“Yes there is a stabilization, but over the year as a whole, the labor shortage tends to decrease, which should remove pressure on wages,” indicates economist Pierre Emmanuel Paradis. (Photo:123RF)
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WAKE-UP-MORNING. 2024 could well mark the end of salary increases which are close to 4%, because companies will not experience sufficient growth in their turnover to maintain them at such levels. And that worries employers.
This is one of the conclusions that we draw following the unveiling of the 2024 salary forecasts by the Order of approved human resources advisors (CRHA). The organization aggregated data from surveys conducted by CGC-Talent, Gallagher, Mercer, Saucier Conseil, Telus Santé, WTW and Normandin Beaudry.
The latter’s partner and head of remuneration practice, Anna Potvin, was surprised that the salary increase announced by their annual study would reach 3.8% in 2024. “Before 2019, we did not see these increases by more than 3%, while the economic context was quite more favorable,” she recalls.
One of the factors that seems to be tipping the trend is the ratio between the number of vacant positions and jobs in Quebec, which is falling. “Yes there is a stabilization, but over the year as a whole, the labor shortage tends to decrease, which should remove pressure on wages,” indicates economist Pierre Emmanuel Paradis.
In addition, a slowdown in gross domestic product growth to 1% is expected in 2024. This is less than the average annual wage increase including planned freezes of 3.7%, according to data aggregated by the Order of CRHA. In its planning tool, it is specified that in 2023, the increase reached 3.5% while it was expected to be 4.1%.
More numerous than in past years, the share of companies considering wage freezes is below normal, although it has gained a few percentage points compared to last year, we confirm.
Unlike 2020, 2021 and 2022, where organizations shared conservative targets well below actual salary increases, Marc Chartrand, senior advisor for total compensation at Gallagher, believes that those issued for 2024 are close to reality.
According to the general director of the Order of CRHA, Manon Poirier, employers are torn between their desire to remain attractive to candidates, and to support their workers affected by inflation. In the medium term, however, such a leveling up of remuneration is not sustainable, she warns.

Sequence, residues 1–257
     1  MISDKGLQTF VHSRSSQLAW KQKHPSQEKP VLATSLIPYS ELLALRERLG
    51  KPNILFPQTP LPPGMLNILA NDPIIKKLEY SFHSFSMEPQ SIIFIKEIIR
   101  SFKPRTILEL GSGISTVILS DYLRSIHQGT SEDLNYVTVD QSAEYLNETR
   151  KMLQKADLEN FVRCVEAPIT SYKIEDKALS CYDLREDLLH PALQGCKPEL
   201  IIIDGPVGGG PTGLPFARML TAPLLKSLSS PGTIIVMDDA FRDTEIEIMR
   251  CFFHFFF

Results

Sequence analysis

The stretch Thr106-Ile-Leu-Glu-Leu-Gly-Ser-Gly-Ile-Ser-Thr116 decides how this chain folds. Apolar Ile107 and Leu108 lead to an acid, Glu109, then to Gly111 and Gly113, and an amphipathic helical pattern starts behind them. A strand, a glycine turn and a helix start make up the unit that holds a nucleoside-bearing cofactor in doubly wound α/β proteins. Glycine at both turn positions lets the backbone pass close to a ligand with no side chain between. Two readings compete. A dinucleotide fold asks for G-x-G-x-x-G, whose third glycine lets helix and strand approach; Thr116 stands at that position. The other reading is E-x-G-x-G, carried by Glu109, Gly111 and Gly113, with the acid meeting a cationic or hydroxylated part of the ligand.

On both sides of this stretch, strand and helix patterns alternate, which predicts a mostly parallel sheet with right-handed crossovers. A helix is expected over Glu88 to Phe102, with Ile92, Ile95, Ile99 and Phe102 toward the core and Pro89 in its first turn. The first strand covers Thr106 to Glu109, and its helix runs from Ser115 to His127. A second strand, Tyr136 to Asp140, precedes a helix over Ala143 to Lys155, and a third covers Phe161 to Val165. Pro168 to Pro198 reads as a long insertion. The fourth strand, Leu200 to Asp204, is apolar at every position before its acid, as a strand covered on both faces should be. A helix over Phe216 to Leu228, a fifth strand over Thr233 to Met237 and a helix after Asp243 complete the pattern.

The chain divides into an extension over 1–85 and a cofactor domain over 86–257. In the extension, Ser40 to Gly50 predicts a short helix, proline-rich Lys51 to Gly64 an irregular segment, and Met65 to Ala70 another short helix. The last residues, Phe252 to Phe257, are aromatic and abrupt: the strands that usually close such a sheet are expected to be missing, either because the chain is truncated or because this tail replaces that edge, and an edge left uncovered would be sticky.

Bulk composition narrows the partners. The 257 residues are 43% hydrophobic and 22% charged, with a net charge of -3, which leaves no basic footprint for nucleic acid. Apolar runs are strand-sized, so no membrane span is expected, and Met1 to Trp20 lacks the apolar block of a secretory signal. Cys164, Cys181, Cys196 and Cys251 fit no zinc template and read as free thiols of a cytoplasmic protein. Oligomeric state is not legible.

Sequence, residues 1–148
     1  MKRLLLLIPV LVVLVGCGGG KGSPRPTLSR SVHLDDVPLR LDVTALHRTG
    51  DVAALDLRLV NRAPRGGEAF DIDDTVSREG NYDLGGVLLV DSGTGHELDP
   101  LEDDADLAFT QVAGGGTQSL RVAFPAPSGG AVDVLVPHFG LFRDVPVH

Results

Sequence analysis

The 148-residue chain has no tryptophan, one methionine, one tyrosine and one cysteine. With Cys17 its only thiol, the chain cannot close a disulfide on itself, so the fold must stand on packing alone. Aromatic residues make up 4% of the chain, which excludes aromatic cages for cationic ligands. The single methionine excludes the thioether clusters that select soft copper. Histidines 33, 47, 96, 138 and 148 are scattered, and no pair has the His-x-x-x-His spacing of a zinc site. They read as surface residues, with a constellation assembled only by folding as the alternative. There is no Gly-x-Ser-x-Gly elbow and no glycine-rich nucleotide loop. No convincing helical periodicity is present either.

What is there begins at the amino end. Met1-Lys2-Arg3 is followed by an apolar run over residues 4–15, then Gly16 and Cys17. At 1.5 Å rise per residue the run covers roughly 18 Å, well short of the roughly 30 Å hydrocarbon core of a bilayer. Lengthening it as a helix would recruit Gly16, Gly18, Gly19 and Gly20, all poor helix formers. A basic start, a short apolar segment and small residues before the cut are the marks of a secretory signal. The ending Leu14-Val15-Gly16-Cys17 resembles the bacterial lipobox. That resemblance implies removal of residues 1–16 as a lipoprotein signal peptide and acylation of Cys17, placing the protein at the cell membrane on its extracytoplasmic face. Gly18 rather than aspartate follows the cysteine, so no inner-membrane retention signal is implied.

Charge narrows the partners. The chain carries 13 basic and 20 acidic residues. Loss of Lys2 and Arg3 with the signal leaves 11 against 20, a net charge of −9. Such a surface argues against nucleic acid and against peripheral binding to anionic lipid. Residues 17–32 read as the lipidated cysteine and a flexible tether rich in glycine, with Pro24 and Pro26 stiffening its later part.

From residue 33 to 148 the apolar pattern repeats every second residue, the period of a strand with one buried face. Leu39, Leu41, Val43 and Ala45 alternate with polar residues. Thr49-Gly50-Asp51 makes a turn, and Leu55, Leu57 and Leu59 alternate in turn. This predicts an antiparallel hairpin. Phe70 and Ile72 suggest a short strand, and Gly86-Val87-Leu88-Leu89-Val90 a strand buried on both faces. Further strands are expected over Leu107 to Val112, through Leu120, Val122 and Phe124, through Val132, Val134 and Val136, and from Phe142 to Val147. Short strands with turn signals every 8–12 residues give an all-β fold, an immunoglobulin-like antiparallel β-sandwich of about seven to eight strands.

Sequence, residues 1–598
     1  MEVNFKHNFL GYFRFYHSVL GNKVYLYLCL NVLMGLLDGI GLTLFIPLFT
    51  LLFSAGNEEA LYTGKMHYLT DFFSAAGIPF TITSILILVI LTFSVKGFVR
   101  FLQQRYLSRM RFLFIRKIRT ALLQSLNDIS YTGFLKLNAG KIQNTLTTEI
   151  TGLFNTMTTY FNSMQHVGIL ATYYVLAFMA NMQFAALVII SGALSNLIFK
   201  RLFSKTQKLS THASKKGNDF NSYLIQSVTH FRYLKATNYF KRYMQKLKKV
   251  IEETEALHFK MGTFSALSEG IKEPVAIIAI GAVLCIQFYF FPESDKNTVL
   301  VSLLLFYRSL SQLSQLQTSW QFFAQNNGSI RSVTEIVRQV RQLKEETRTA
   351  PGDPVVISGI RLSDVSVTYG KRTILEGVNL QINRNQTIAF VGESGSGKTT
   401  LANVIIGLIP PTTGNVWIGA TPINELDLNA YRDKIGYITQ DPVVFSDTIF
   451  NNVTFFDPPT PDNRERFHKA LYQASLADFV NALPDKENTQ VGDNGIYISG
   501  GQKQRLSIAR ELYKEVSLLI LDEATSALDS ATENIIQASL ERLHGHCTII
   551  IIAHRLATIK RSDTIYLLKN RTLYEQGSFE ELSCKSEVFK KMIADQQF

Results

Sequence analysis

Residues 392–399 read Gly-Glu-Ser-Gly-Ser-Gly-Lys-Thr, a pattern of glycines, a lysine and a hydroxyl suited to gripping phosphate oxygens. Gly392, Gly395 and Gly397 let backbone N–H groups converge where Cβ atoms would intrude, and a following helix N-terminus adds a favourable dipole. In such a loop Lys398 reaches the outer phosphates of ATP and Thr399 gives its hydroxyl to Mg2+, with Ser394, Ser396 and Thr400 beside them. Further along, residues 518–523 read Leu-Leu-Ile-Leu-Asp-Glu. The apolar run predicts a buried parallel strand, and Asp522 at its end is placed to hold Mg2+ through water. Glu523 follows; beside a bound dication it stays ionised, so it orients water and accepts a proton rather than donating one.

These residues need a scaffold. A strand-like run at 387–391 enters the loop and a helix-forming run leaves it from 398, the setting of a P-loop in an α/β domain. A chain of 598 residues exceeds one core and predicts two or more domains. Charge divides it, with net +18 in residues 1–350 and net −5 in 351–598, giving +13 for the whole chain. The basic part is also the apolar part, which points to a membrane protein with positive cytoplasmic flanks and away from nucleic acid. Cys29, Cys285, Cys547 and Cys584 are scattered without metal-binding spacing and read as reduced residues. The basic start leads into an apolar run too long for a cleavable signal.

“The next forecasts will have to be clearly below 3%, closer to the 2.6% or 2.8% that we knew before, which is more sustainable for organizations.”
Especially since macroeconomic data demonstrates that in Quebec, in May 2023, workers regained purchasing power similar to that of March 2020, reports Pierre Emmanuel Paradis.
To change the mentalities
Indeed, “for the moment, remuneration has grown a little faster than inflation since March 2020,” says the economist. People continue to say that they want to catch up with inflation, but we have demonstrated it, it is done. This mentality doesn’t come out easily.”
However, not all workers are equal in the face of the jump in the cost of living, notes Guylaine Béliveau, head of the national remuneration advisory services practice at Telus Health, and for some, housing particularly affects their budget.
“Yes, we want a better salary, but not at all costs”, nuance Anna Potvin, who observes that job security weighs more and more heavily in the balance.
For organizations that will have to announce a freeze, or that will not meet the expectations of their employees, Marc Chartand recommends having in their hands “an excellent communication plan, and a lot of transparency. You have to be honest with employees, explain the reality.”
To (re)read: Overall compensation: the situation changes in 2024
Companies must focus on the different levers they can use to retain their employees, such as the flexibility they can demonstrate, the agility with which they can resolve the problem, or the learning opportunities it can generate. .
Offering a fair balance between work and personal life, more leave, or adopting good management practices are other ways to make your employer’s image shine, adds Manon Poirier.
Certainly, if we do not offer a competitive salary, it will be easier to retain than to attract new talent, she recognizes, without discouraging organizations. After all, more than ever, they have the possibility of surveying people already employed to assess the quality of a boss.
“People stay a lot because of the culture and the mission of the company,” recalls Guylaine Béliveau.
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